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“The best executive is one with sense to pick good people, and the self-restraint to keep from meddling.” Teddy Roosevelt 26th U.S. President (1901-1909)


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Incentives

PLAYING THE GAME Manager of a field office of a business equipment company was replaced because of poor performance. The office was located in one of America’s largest cities. The new manager started by reviewing sales and found performance varied a great deal. He met with each of the Representatives to learn how they viewed their jobs. He asked what needed to happen to improve performance. A repeated issue was in handling of major accounts which accounted for a sizable percentage of sales. In addition there were four product lines, each having a Rep. This meant four Reps called on each of the major accounts, causing confusion. When the meetings concluded the manager met with the 100 Reps. He reviewed the results of the meetings and shared everyone’s thoughts. A discussion ensued and as a result the branch was reorganized. Major accounts were assigned to individual Reps. If any of the four types of Reps wanted to visit an account the Major Account Rep coordinated the visit and strategy, eliminating confusion. The reorganization was based on giving people reasonable control over their work environment. As a result of the changes, the atmosphere improved dramatically and the office went from being an under achiever to number one. This was possible because the manager was willing to listen and become a follower as well as a leader.

Being a leader has little to do with having a title.

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Incentives

REVIEWING INCENTIVES 1.

The objective of incentives is to generate motivation.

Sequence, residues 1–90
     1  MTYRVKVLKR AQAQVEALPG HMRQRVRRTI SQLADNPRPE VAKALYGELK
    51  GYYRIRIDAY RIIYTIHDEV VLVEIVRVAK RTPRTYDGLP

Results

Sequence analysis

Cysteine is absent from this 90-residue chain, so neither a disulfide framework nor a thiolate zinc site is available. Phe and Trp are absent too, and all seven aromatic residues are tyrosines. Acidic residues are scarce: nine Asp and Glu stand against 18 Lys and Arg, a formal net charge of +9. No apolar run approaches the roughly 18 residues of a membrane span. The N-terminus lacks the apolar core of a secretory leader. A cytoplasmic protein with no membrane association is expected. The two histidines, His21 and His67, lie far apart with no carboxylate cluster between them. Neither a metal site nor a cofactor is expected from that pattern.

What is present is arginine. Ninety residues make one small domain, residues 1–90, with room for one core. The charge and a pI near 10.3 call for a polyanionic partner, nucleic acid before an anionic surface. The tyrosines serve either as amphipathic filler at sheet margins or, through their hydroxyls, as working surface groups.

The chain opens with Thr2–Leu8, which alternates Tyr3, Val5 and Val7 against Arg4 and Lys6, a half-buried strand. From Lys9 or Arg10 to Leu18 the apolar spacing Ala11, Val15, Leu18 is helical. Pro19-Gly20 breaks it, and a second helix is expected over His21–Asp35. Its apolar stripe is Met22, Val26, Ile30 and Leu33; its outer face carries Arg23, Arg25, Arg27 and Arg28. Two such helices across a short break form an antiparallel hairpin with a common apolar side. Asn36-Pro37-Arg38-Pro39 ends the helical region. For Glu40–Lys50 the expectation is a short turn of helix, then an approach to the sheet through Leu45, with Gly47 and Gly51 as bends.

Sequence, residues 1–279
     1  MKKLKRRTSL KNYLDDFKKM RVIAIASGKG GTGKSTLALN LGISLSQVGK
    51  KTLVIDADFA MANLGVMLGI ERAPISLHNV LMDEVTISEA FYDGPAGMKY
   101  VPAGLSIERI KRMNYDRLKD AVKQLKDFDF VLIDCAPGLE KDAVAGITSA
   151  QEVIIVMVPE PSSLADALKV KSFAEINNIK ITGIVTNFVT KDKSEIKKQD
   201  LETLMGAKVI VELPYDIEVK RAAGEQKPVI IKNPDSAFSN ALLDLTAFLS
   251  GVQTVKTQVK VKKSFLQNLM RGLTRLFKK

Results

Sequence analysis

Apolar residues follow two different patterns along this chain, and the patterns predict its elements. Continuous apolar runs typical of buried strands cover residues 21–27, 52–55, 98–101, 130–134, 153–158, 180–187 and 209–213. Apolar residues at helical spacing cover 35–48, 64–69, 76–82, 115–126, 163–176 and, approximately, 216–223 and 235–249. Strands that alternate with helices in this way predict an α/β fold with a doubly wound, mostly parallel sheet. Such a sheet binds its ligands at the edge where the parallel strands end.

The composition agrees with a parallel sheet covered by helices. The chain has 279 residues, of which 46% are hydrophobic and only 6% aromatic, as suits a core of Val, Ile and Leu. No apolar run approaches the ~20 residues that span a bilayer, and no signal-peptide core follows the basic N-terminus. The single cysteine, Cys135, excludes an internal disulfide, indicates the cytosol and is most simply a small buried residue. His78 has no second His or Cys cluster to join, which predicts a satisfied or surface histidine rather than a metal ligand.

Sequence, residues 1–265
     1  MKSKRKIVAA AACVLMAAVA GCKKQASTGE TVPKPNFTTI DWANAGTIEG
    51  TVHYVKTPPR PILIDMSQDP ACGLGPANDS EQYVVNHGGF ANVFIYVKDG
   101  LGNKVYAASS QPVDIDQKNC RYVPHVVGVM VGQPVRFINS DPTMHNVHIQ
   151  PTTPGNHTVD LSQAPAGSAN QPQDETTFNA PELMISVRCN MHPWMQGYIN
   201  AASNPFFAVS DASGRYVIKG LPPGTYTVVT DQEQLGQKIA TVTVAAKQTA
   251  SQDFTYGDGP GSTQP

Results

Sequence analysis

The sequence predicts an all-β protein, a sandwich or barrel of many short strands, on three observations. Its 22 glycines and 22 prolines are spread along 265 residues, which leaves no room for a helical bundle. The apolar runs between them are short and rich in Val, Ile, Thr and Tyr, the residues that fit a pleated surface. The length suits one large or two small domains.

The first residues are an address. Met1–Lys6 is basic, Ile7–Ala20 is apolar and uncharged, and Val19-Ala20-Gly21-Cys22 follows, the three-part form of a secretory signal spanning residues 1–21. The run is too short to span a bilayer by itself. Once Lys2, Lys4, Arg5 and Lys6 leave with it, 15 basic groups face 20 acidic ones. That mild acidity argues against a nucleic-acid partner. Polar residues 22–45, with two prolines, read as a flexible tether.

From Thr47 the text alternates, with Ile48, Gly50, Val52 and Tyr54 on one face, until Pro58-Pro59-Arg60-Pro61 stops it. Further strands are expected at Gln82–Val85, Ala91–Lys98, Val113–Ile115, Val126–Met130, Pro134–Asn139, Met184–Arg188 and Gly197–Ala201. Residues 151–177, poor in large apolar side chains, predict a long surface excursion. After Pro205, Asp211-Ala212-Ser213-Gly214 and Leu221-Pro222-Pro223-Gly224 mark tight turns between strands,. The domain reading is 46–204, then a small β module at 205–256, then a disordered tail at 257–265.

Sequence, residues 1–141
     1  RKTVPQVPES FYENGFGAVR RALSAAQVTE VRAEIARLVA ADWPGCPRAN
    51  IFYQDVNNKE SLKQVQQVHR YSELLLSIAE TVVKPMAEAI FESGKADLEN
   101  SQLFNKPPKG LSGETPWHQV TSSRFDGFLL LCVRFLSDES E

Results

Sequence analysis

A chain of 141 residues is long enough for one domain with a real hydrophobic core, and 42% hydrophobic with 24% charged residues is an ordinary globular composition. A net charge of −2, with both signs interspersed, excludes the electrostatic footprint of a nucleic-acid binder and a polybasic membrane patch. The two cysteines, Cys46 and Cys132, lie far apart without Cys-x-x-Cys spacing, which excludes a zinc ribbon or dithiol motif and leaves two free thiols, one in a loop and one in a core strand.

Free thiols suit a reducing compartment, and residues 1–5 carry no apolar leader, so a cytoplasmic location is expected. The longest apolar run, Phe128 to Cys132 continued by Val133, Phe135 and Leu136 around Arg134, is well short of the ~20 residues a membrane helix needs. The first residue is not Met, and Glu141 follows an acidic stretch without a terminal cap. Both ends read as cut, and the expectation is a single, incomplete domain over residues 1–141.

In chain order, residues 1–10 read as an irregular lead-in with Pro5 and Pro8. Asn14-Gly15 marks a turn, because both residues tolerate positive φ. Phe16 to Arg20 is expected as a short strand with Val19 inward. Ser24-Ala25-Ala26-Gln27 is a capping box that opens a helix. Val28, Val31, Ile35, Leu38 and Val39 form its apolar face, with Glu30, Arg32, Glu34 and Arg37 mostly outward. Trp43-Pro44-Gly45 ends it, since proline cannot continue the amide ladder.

2.

Recognition can take many forms.?

3.

If objectives are not challenging or on the other hand, unreasonable, it diminishes motivation.

4.

People by nature want to perform, and giving people adequate control over their work is a reliable motivator.

5.

To gain respect, learn to talk no more than 1/3 of the time, whether talking with a peer, subordinate or superior.

6.

Always imposing your point of view produces resistance.

7.

When holding a meeting with a group, encourage conversation within the group using open questions to continue the dialogue.

8.

If someone has a resistant attitude, you may be talking too much or imposing your point of view too often.

9.

Someone who is rather timid, be alert that resistance may be in the form of simply not offering much information.

10.

For your job or another, record needed INCENTIVES on the following SCRATCHPAD or one of your own making.

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Incentives

SCRATCHPAD (side 1)

PLAYER NAME: TEAM NAME: BARRIER

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SOLUTION

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COST TO FIX